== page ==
US Secretary of State Anthony Blinken will be in Rwanda on August 10-11 to discuss, among other things, the “wrongful detention of U.S. Lawful Permanent Resident Paul Rusesabagina”. A clear and firm statement from the Government of the United States, poles apart from the narrative of the Government of Rwanda, who has been portraying Paul Rusesabagina as a “terrorist”.
One can hardly see how both parties will bridge the gap and while we wait for the press conference following the meeting, let’s look at the possible reasons why the Rwandan Government has failed, this time, to impose its narrative despite a fierce and expensive public relations campaign.
A Stronger Reality
One of the first reasons, and most obvious one, is that the no one truly believed that the hero of Hotel Rwanda, Paul Rusesabagina, had turned, overnight, into a ruthless terrorist as Kigali was painting him. Usually, when Kigali depicts its critics as terrorists, genocidaires, traitors, etc. only a few dare to challenge, as they usually do not know a lot about the target. In the case of Paul Rusesabagina, the world had already heard about him and his extraordinary story. An ordinary man who saved hundreds of Rwandans during the 1994 genocide and who has been advocating for Human Rights ever since, gaining multiple recognition worldwide up until the US Presidential Medal of Freedom in 2005.
Attempts from the Rwandan Government to change or reverse this reality have simply failed, thanks to, among other reasons, the resilience of Paul Rusesabagina’s family who stood still and defended his reputation all over the world. The so-called trial that was supposed to reveal undisputable evidence against the Hotel Rwanda real-life hero, turned out to be a complete fiasco as the vast majority of observers qualified it as unfair and unlawful.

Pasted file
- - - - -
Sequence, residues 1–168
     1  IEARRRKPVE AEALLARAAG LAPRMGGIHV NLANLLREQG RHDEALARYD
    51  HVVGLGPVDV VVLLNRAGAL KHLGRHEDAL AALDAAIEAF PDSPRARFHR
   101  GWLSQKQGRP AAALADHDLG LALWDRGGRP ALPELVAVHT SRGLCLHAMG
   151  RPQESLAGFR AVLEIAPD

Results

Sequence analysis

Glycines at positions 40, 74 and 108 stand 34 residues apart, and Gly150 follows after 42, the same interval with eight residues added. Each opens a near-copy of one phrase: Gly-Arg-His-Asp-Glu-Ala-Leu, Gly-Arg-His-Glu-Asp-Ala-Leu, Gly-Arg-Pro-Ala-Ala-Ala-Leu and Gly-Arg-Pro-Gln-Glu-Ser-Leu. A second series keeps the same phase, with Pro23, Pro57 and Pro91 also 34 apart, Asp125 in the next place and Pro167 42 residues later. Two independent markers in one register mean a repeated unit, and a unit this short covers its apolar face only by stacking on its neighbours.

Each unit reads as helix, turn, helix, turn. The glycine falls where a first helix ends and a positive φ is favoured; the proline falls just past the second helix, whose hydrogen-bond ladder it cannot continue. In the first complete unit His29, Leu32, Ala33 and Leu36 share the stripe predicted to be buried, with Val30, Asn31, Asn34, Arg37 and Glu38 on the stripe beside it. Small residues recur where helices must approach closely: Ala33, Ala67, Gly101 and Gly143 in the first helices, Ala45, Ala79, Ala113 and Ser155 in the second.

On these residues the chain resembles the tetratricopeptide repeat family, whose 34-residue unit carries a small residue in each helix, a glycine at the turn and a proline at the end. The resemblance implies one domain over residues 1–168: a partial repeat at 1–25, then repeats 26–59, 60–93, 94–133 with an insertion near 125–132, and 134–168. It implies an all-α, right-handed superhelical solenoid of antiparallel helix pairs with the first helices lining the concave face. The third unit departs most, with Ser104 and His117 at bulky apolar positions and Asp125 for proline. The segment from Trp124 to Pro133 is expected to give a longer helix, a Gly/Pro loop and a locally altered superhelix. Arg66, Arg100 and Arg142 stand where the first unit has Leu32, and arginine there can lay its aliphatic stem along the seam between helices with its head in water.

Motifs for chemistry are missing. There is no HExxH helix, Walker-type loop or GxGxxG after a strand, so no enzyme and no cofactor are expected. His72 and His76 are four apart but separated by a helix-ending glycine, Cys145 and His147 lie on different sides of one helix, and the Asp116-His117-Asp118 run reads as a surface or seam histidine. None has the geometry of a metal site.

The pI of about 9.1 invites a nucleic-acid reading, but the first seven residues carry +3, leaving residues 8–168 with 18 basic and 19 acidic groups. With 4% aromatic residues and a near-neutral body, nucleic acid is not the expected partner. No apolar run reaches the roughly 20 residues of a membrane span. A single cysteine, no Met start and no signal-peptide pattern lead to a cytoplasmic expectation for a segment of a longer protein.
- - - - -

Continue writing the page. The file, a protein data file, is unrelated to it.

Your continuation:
In short, where the Rwandan Government wanted the international opinion to see Paul Rusesabagina as the “Rwandan Bin Landen”, it is the “Rwandan Mandela” that has emerged, illegitimately sentenced to 25 years of prison for daring to oppose one of the worse dictatorships of the planet.
The Double Standards
Another reason why the Rwandan Government failed to impose its narrative against Paul Rusesabagina, is because its narrative was full of double standards.
Everyone knows that the ruling party in Rwanda, the RPF-Inkotanyi, is a former rebellion that took weapons in 1990 and attacked the then Government of Rwanda in a civil war that lasted 4 years.
Hearing the RPF-Inkotanyi and Paul Kagame accusing of terrorism anyone else who advocates for the same liberation path, is the worst double standards argument that can be used.
People are not fools. You cannot praise former rebels for “liberating” a country, and at the same time label “terrorists” anyone who would like to liberate the country from the same rebels…
There is an issue of credibility between the narrative and the narrator, and ultimately, the RPF-Inkotanyi, a former rebel movement, is destroying its own legitimacy to rule Rwanda.
No Link with The Victims
One of the preferred methods of the Rwandan Government to impose its narrative, is to use victims’ stories to inhibit any counter-argumentation. In the case against Paul Rusesabagina however, the link between what he was accused of, and what happened to the victims was so far-fetched that no one truly believed he could be held responsible for it. The Rwandan Government went as far as to hire a local actor, Alice Kayitesi, to play Rusesabagina’s victims during the trial.
There is no doubt that Paul Rusesabagina decided to give his political voice through MRCD-FLN to encourage people to stand up against Paul Kagame, but does it make him guilty or responsible of attacks against civilians on the ground?
For the international community, including Anthony Blinken, the US Secretary of Sates, the answer is clearly no, as they all declared his arrest, trial and detention were illegitimate and unlawful.
While everyone respects and sympathizes with the victims and their families, no one wishes to condemn an innocent man simply for speaking against a dictatorship.
Unless Anthony Blinken comes forward with a brilliant solution, the question that will be answered in the coming days is quite simple; which Paul will the United States give-up? Paul Kagame, the rebel, or Paul Rusesabagina, the hero?